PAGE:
More than likely your monitor only displays 8 bits of precision in an sRGB color space. Is that enough color precision to display images without artifacts? No. Not even close.
The most common artifact that you will see due to a lack of color precision is banding. With 8 bits of precision, you have 2^8=256 different values available for each color. So each channel (red, green, and blue) each go from 0 to 255. If the precision was “enough”, then the colors would be so close together that the human eye couldn’t tell the difference between them, and we would see a gradient. Is it? In the image below, the gradient goes from 91 to 96. Also, if you mouse over the numbers you see more gradient lines. The last one is a special treat: I dusted off my animated GIF skillz from 1996 and made an animation of the first 4 images.
If you mouse over you should be able to clearly see the edges around them. At least I can. And you can REALLY see it in the animated GIF.
This next image is a little harder to see. It’s similar to the first two except that the red, green, and blue channels are out of sync. While you probably can’t see as much banding, you should be able to see that bands shift from purple-ish to green-ish.
With 8 bits, in addition to not having luminance accuracy, you also don’t have as much color accuracy. Here is a hypothetical. Suppose that you want a clean blend between red and green. As an RGB triple on an 8-bit display, red is (255,0,0) and green is (0,255,0), so you get 254 “steps” between them. But I never said how bright red and green were. Now lets make them darker, and say that dark red is (16,0,0) and dark green is (0,16,0). Well, now we only have 15 shades between them. And in the worst case there are literally no shades in between our darkest shades of pure red (1,0,0) and pure green (0,1,0).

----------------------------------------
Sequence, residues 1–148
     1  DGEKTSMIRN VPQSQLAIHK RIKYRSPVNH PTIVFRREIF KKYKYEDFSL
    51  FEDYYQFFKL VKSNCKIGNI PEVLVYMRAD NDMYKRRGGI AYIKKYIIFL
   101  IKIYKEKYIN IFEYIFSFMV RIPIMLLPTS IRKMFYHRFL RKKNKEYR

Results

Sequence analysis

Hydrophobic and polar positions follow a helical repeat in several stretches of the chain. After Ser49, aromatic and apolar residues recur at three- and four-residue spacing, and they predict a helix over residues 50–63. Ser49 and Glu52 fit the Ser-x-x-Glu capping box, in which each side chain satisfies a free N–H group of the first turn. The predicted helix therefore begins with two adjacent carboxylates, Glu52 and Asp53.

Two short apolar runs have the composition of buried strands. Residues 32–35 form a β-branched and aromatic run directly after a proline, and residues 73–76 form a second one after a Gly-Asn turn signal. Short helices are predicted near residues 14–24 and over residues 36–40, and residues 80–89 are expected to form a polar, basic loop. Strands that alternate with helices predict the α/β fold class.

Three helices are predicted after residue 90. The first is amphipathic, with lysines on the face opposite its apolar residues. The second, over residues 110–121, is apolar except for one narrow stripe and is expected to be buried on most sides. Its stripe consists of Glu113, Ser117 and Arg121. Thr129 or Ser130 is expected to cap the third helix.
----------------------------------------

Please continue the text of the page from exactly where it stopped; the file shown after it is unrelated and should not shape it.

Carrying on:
Current displays can show 256*256*256=16 million colors. That’s actually not even close to being enough, at least with the way that they are distributed. If we could have a theoretical monitor that had a better distribution of colors (i.e. more in the blacks) then 16 million colors might be enough. But monitors today have too much precision in the whites and not enough in the blacks.
So with the real monitors that we have, which in most cases are 8-bit sRGB, we don’t have enough precision to recreate the colors that our eye can see. That’s why professional coloring systems use 10-bit colors instead of 8. For most images 8-bits is fine. But if you have lots of dark, smooth gradients you’ll see lots of banding. This problem is compounded by TV signal compression. Next time you are watching a dark TV show check out the blacks in the background. You’ll see what I mean, especially in the reds.
This might sound like a crazy hypothetical but it happens all the time. Also, television LCDs are much worse than your normal computer monitor LCDs. When I was working at Naughty Dog, about once every month or so an artist would come to me complaining about banding. And each time I’d take a screenshot, open it in Photoshop, and show them that the two colors are only 1 code apart so it’s the TV and there’s nothing I can do about it. If you were to ask me how to increase the quality of TV broadcasting, I wouldn’t say more resolution. I’d ask more more color precision.
It would be really cool to some day have HDR displays. But be patient: It’s going to be a while. We don’t even have enough color precision for the displays that we have now, so there’s no point in having an HDR display until we get more range than an 8-bit sRGB signal.